BCGS Orchestra

Scott Borg Orchestra Director

Following the great success of the BCGS Orchestra in the 2015-2016 season, we have opened enrollment for the Fall 2015 semester and Spring 2016 semester.

This is a chance to become an active member of the guitar community, and share performance experiences with other guitar lovers. This semester will include works spanning six centuries, including Bach, opera, music from the Iberian peninsula, and some newly composed works done in the past 10 years.

Rehearsals start in September (schedule to be determined, but most likely Thursday evenings from 7-9 PM) and will finish with a performance (date TBD) at the awe-inspiring Lady of Our Angels Chapel at the Charlestown Senior Living Community.

In addition, the BCGS Orchestra will perform in lieu of a pre-concert talk, at the concert with Junhong Kuang on Saturday, December 5 at Harold J. Kaplan Concert of Towson University, at 7:15PM.

We are looking forward to you joining us! The orchestra registration fee is $100 for each semester and you have to be a BCGS member to participate. If you are unsure if your membership is valid, please email us at admin@BCGS.org. The orchestra is open to people of all levels and styles.

Place a $100 Fall Semester in the shopping cart and proceed to check out as if you were paying for concert tickets. If you want to pay for both Fall and Spring, please return to this page and place $100 Spring Semester in the shopping cart. If you need to renew your memebership, please do that and then click on the shopping cart to check out. You will receive a confirmation for your registration.

Here are some questions that we have been asked over the years:

What is this experience?

If you have never played in a large ensemble, this will be quite new to you. You will have a part, and play in a section with others playing the same thing. There are generally four parts in the group for each. We work on coordinating the parts, balancing dynamics, and setting out the interpretive gestures.  The director conduct the rehearsals – both through talking everyone through the issues, as well as by actually conducting. For that reason, it is important to work on your part during the week, so when we rehearse, you can give some attention to the guy in front waving his arms.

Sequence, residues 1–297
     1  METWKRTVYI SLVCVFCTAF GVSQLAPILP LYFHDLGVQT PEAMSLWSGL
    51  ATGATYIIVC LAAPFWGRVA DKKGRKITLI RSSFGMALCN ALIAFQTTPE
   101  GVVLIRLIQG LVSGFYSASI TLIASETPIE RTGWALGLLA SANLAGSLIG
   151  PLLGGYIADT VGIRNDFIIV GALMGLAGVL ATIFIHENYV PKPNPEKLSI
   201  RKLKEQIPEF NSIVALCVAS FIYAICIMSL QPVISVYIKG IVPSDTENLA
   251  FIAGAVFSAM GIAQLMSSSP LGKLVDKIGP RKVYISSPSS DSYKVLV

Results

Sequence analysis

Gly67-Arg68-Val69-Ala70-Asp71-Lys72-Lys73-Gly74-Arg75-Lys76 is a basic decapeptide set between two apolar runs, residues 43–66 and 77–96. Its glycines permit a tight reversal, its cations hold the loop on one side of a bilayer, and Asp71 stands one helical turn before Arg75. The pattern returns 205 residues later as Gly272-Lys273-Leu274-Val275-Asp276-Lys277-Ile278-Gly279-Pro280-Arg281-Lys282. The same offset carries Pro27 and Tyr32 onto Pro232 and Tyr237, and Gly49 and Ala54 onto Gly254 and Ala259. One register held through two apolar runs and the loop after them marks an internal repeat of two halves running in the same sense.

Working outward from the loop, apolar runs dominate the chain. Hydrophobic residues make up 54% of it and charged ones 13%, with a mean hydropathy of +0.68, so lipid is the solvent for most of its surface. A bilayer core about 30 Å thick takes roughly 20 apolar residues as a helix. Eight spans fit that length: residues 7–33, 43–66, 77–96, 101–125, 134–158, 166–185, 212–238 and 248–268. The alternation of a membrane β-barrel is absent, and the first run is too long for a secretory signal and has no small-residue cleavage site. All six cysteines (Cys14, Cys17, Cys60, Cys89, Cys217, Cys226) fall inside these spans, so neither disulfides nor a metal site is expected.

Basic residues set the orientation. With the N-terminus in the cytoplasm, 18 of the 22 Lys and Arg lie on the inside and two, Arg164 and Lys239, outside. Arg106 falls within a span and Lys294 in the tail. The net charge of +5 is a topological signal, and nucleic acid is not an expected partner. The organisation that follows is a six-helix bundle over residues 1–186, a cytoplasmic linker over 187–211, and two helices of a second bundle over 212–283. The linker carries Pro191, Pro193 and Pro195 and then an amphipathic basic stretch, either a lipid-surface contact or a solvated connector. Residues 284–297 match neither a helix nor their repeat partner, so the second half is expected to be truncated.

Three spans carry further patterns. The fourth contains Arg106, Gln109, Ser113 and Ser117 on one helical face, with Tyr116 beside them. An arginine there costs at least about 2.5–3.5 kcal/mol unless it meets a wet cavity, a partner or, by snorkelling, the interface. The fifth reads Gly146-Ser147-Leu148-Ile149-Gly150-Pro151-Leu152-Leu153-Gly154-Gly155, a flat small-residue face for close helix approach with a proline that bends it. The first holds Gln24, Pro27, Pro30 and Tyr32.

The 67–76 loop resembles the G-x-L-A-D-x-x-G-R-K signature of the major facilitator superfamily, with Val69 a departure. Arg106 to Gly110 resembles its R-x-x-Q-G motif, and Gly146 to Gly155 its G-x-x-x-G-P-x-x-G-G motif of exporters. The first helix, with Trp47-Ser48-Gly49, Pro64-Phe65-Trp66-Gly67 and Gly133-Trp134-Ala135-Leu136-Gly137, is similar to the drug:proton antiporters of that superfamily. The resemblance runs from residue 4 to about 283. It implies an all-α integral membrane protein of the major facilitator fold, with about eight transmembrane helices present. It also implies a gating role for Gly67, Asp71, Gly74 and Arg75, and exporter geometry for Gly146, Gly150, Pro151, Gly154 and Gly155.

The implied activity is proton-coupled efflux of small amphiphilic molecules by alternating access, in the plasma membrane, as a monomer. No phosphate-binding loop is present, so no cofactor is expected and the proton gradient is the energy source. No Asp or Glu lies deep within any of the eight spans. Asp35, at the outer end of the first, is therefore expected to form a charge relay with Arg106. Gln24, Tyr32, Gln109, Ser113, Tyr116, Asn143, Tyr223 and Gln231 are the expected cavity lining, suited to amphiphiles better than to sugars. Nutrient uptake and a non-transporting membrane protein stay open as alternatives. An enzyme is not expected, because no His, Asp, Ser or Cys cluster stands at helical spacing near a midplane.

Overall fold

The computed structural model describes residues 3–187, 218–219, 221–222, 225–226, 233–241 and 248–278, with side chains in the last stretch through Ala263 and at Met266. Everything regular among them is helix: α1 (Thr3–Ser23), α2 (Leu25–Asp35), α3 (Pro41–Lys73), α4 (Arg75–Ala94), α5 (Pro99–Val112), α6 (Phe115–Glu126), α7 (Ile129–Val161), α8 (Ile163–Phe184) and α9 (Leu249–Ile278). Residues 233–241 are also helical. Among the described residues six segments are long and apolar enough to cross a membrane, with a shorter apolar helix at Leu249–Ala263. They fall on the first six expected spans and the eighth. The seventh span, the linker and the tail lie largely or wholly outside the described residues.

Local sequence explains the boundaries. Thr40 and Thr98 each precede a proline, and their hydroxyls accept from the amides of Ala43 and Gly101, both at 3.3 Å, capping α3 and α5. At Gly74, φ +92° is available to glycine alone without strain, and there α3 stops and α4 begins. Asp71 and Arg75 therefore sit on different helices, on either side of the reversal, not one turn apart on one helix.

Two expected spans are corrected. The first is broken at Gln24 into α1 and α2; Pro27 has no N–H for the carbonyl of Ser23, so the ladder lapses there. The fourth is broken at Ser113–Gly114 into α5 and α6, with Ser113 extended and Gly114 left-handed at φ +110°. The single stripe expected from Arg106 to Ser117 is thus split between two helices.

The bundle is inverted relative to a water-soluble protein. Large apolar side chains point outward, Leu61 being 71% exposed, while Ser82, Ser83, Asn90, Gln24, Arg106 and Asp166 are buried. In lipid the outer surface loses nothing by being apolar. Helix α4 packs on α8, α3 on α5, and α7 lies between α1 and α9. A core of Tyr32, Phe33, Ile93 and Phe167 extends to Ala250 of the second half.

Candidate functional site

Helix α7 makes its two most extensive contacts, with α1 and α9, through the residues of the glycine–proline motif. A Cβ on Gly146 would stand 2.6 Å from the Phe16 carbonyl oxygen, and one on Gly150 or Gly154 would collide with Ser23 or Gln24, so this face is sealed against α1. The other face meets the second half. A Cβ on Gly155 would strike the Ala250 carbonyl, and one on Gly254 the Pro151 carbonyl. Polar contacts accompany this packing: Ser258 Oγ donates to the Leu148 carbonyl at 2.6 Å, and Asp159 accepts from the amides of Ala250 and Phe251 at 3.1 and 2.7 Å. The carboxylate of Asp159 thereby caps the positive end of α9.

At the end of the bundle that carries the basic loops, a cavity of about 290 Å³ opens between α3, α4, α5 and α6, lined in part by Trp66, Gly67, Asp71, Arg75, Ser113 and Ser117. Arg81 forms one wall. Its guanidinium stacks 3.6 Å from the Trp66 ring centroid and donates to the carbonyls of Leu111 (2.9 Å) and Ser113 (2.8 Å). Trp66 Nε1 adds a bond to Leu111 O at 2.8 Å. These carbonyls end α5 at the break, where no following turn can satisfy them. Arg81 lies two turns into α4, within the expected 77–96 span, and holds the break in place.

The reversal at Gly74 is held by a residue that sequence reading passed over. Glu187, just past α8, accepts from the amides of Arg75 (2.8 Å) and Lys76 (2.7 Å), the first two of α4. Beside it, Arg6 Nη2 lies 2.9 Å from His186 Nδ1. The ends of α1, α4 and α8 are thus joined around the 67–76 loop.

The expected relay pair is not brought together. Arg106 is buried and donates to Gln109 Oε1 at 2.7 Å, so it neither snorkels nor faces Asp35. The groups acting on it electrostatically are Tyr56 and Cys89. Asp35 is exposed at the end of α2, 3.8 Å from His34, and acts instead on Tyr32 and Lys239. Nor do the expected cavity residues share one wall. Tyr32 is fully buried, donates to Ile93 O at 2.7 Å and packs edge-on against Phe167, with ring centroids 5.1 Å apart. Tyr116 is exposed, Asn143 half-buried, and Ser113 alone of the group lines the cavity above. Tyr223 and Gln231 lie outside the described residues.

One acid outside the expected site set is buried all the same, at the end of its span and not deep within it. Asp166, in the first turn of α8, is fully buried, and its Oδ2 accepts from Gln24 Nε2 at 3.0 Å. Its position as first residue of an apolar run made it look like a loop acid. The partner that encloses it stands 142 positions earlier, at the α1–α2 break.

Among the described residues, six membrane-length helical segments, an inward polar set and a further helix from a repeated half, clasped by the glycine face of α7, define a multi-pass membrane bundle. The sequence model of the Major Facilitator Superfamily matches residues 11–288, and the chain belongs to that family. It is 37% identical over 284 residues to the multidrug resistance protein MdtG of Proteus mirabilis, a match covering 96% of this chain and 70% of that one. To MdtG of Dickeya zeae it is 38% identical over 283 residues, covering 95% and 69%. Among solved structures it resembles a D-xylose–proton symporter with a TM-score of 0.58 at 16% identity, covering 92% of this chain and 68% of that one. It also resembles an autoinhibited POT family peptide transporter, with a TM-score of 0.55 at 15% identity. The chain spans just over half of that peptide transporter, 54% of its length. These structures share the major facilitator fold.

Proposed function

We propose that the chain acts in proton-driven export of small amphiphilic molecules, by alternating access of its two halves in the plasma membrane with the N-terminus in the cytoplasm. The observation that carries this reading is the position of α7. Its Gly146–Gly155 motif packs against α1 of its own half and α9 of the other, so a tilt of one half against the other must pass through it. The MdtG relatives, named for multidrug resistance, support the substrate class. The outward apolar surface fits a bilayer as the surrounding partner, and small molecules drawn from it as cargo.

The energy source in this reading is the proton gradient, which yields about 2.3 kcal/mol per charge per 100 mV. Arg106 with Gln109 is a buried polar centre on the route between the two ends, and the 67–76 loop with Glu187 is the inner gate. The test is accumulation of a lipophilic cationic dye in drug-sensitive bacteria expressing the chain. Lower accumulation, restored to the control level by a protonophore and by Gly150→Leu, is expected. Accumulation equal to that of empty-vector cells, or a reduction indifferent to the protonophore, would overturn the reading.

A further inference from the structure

How well do I have to play to be a part of the Orchestra?

We invite players of all levels to participate, with parts distributed as close to your level of development as possible. If a part is too hard, we can edit to make it more playable. Keep in mind that there are several of you on a part, so if you can’t play everything, someone else in your section can. That way it will all be covered. We want to be as inclusive as possible.

How do I audition?

The audition process is simple: Tell the director what pieces you are comfortable playing. It helps to know, for example, if you are confident all over the fingerboard, or if venturing above the 5th fret gives you a sense of vertigo; we want your part to be playable for you. From that information, we can get a good idea of where to place you in the Orchestra. A good rule of thumb to follow if you haven’t done this before is to expect that your part will be (usually) simpler than your solo repertoire. This allows for you to learn your part, play your part, and still have enough focus left over to hear all that is going on around you.

How often are rehearsals?

We meet once a week, Thursday evenings from 7-9 PM. We meet at the Charlestown Senior Living Community in Catonsville, 715 Maiden Choice Lane, Catonsville, MD 21228, right inside the Baltimore Beltway 695 at exit 12B. We begin after Labor Day.

How do get my music?

We will email pdfs to you in August; new additions will be passed around in rehearsal.

Other requirements?

A guitar that can be tuned well, footstool, a music stand, and pencil to take notes.

As we meet once a week, it is important to be at as many rehearsals as possible. I realize that you have busy lives, and there may be times when you can’t make it – work or family engagements, illness, etc. 

Last items:

A sense of humor, and a willingness to enjoy and learn from your mistakes. While we take making music very seriously, that doesn’t mean we can’t have fun. The key to that is not fussing over your errors – learn from them, practice, and grow. We all make mistakes; the important thing is to not get too caught up in them. As stated above: if the part seems too hard, let me know. Success can only come if you are confident in what you are playing. 

Anything else? Contact the director HERE

 

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